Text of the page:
Saturday, August 31, 2013

Harvesting, canning, and a new tie dyeing obsession

This week, I have been milking the goats to the deafening sound of rain drumming on the metal roof of the barn. Yes, it's true: the rains are back. The days are getting shorter. It feels like fall. I don't quite know how to feel about that. We are all grateful for the rain right now... but how long will that gratitude last if the grey-ness and wet-ness stretches on and on and on?

Fall means we're busy littler beavers on our homestead. Lots of harvesting is going on, and lots of eating of our homegrown food. Fall means canning and preserving, pickling and fermenting, cleaning up the garden, and lots and lots of snacking fresh from the garden. Eva loves our figs, which she likes to pick herself. She thinks their insides look like worms, which is true, but this doesn't keep her from eating them fresh like they are candy.
The other day, I coerced the male members of my family to help me make dilly beans. They helped me wash, cut, and pack seven pounds of green beans into 18 pint jars, augmented with dill and garlic from the garden, and mustard seeds, and vinegar.



Do you know why they call this squash "Crookneck"?  I would call it "Gooseneck" if I got to name veggie varieties.
Compare some of the tiny eggs that they young chickens give us to the huge duck eggs.

Canning is very, very serious business.
It has been a busy week. I taught another cheese making class, which always energizes me so much (and forces me to really clean my house, which then makes me so happy). The day after cheese class, I went to our monthly Marblemount Community Market to sell my felted hats, handspun yarn, and goat milk soap. I received the nicest compliment from a customer who bought my soap last month. He came back for more this month, proclaiming that this is the nicest soap he has ever used. Happy customers, proud Corina. The next day, I promptly made more soap, this time scented with lemon and clary sage essential oils. It looked and smelled like the most delicious lemon custard. I had to put it high up so my family wasn't tempted to dip their fingers in it and try some...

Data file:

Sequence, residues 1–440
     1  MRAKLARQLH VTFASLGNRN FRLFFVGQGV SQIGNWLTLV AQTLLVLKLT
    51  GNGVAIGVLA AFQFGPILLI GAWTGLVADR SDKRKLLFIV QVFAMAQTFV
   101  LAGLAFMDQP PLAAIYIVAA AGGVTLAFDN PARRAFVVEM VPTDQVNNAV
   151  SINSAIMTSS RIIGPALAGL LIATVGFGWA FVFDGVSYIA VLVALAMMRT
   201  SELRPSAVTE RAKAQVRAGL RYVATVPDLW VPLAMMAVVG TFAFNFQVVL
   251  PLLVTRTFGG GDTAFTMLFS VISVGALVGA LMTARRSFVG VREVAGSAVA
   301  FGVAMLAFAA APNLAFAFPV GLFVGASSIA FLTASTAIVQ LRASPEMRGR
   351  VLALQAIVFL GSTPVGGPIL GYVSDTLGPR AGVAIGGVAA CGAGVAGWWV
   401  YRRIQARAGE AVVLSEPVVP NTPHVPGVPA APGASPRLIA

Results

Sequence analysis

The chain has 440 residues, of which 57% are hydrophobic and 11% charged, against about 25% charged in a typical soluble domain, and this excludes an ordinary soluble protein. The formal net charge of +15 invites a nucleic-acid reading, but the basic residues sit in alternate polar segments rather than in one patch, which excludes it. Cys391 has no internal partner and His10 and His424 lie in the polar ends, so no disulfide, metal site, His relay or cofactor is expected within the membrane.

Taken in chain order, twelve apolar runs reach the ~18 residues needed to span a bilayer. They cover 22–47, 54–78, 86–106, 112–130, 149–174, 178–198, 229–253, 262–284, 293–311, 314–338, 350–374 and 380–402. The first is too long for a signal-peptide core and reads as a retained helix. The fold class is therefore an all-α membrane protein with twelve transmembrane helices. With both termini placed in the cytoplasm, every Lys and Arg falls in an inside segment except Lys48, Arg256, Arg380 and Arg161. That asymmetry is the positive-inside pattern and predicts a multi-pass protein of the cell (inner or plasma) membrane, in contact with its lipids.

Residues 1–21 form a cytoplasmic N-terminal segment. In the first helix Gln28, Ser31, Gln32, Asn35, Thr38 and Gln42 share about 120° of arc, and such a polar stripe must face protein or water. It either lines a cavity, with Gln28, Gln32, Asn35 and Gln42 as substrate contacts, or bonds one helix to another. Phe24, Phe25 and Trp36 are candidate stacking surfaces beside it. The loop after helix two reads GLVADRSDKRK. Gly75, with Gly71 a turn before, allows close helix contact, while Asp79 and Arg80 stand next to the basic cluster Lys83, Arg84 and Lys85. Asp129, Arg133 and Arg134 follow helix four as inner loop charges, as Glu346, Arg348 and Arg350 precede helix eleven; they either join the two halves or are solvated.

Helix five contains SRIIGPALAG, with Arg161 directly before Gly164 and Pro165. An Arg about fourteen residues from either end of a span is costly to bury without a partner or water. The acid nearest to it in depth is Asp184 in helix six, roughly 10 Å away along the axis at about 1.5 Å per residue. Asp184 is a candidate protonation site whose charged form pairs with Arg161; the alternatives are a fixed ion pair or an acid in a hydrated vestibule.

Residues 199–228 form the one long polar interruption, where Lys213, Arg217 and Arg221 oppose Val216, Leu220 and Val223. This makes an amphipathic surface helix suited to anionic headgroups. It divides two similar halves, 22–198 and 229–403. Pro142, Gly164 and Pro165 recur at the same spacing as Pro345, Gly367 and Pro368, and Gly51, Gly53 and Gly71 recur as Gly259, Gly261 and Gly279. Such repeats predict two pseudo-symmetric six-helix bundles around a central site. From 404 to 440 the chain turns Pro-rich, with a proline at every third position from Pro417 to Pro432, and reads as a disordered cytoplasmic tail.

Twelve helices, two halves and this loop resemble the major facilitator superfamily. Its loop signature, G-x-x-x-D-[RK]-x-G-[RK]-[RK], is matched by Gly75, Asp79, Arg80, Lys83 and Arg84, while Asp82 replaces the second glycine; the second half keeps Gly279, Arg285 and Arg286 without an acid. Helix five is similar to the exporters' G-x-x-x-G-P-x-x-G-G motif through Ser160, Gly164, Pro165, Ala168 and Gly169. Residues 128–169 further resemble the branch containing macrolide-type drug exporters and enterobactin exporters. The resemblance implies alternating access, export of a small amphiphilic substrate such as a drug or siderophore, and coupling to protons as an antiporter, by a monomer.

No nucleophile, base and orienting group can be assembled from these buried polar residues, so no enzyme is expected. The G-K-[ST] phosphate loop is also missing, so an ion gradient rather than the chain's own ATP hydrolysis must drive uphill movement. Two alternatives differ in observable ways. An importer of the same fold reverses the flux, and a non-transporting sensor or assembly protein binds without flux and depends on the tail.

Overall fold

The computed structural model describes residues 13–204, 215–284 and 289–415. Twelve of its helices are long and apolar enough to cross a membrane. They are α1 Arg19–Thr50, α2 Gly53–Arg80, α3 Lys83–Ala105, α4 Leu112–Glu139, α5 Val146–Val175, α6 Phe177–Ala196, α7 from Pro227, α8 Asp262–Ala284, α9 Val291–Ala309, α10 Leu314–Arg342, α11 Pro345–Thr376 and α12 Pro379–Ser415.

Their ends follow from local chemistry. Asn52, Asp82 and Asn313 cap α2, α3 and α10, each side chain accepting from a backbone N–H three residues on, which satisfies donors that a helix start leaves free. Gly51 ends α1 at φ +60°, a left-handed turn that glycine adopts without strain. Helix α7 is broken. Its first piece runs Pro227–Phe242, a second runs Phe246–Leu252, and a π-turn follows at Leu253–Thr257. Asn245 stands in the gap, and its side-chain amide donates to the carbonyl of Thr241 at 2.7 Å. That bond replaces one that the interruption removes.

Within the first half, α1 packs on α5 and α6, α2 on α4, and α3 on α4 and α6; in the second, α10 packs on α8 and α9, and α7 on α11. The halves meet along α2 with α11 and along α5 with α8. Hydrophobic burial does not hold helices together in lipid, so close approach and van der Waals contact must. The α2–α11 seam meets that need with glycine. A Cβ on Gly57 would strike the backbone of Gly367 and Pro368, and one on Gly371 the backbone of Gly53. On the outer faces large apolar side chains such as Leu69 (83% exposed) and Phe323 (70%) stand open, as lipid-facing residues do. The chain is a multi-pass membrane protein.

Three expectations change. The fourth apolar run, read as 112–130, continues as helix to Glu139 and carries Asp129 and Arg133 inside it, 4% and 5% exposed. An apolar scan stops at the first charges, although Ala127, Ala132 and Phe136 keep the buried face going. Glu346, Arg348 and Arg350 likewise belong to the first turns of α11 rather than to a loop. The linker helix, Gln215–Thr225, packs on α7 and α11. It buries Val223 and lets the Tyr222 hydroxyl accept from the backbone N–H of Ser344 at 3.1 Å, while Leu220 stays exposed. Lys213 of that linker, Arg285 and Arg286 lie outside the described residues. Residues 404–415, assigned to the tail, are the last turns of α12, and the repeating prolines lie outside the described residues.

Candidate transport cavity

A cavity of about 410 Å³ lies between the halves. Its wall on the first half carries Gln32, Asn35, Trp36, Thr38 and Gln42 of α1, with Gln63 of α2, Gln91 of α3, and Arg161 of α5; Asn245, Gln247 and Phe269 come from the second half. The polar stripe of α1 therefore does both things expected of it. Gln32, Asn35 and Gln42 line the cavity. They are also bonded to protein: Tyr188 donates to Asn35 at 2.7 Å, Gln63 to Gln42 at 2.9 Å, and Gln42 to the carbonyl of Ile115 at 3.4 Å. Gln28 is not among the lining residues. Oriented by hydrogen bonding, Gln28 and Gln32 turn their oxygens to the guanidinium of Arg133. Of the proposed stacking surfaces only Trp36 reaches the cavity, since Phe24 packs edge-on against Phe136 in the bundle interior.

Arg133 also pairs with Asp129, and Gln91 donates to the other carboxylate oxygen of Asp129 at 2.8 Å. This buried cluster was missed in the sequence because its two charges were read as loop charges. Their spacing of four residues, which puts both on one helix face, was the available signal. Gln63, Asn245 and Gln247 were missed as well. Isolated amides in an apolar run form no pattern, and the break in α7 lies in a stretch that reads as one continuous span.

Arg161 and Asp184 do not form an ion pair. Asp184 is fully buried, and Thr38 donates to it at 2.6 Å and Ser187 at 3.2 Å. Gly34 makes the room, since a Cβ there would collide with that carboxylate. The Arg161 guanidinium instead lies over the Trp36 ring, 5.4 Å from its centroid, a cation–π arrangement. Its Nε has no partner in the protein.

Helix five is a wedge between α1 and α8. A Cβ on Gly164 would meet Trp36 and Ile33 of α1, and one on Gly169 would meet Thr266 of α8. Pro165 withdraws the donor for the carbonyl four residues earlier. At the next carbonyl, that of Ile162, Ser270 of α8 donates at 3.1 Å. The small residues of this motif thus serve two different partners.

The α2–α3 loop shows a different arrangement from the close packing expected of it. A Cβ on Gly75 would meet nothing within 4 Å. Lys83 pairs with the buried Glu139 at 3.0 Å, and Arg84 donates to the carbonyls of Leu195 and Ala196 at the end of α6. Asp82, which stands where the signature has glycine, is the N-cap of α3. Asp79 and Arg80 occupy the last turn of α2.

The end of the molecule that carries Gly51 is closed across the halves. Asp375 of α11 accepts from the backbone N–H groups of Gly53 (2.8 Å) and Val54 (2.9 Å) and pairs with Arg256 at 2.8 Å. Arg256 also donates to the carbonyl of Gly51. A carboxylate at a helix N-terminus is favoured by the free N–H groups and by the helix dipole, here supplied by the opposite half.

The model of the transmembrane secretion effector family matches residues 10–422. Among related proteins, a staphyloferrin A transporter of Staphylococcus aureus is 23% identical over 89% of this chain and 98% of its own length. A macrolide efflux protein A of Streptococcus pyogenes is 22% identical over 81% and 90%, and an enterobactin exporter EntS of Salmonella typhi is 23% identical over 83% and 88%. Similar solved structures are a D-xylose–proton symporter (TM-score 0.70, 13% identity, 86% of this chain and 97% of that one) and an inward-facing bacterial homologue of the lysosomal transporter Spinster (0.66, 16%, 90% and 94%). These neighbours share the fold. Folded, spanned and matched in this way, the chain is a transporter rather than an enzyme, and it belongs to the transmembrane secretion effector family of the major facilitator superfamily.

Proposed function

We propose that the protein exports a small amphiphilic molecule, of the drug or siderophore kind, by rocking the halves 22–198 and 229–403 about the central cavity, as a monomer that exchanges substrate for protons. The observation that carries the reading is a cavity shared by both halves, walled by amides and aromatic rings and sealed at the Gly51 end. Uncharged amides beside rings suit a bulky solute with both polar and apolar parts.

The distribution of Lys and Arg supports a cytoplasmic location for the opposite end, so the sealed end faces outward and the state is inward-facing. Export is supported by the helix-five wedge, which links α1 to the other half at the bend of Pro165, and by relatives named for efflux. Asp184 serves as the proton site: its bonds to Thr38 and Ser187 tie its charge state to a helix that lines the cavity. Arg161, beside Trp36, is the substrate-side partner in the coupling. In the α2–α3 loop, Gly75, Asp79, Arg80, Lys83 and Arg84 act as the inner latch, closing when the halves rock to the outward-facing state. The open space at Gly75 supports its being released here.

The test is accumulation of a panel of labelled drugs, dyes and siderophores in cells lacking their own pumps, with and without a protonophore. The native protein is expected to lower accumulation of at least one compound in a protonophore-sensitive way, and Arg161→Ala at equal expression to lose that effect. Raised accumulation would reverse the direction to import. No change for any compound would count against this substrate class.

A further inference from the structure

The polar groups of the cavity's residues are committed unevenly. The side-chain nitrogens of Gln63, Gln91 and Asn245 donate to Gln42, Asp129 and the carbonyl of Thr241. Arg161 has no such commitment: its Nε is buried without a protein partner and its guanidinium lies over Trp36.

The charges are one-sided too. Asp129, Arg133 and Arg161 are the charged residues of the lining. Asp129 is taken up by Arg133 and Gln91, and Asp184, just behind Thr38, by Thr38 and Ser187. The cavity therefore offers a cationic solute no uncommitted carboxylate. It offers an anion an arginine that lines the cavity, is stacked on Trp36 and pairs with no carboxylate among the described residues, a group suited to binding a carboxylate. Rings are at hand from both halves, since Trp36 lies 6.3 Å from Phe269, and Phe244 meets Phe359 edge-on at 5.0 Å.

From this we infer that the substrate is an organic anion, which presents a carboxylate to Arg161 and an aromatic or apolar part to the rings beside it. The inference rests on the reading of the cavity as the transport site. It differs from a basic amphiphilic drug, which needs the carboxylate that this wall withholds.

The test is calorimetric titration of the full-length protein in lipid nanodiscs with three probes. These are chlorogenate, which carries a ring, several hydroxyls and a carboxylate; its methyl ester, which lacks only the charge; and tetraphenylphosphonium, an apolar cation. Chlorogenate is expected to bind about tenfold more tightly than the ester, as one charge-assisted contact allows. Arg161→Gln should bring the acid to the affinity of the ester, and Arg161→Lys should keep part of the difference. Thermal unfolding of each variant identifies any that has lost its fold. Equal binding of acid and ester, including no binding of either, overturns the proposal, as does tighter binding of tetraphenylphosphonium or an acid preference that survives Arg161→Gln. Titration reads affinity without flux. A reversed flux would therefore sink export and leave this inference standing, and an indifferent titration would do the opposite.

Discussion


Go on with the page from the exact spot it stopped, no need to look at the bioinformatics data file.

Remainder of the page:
Part of the fun of doing the market is visiting with friends.  This is what community is all about!

My booth.







But it's not all work and slaving away at our farm. We've gotten addicted to a fun creative outlet involving hand painting T-shirts – tie dyeing! A few weeks ago, I bought a tie dye kit at Michael's for the kids, and wouldn't you know? I got totally hooked by it, because I already hand paint wool yarn, and now the world of cotton has opened up to me! The possibilities! Even Steve dyed one shirt, and his blue one with white bubbles turned out beautifully – looking at it feels like snorkeling in a warm ocean.
I can see opening another Etsy store with tie dye clothing. Maybe the boys can sell tie dye shirts at the market?




Not bad, ey?
And one more thing:  While I was at market, Steve and the kids ran a race in Bellingham, called Muds to Suds.  It's a 2.5 mile run, where you have to navigate obstacles such as mud pits, sawdust pits, a trailer filled with suds, tunnels and more.  The goal is to get as muddy as possible.  Do you think my kids had fun doing this?




2 comments:

  1. Awesome! Soap looks great and the tye-dyes are beautiful! I would still love to trade for some of your sauerkraut♥

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    Replies
    1. Sure, Melissa, let's trade!!! I love your stuff!

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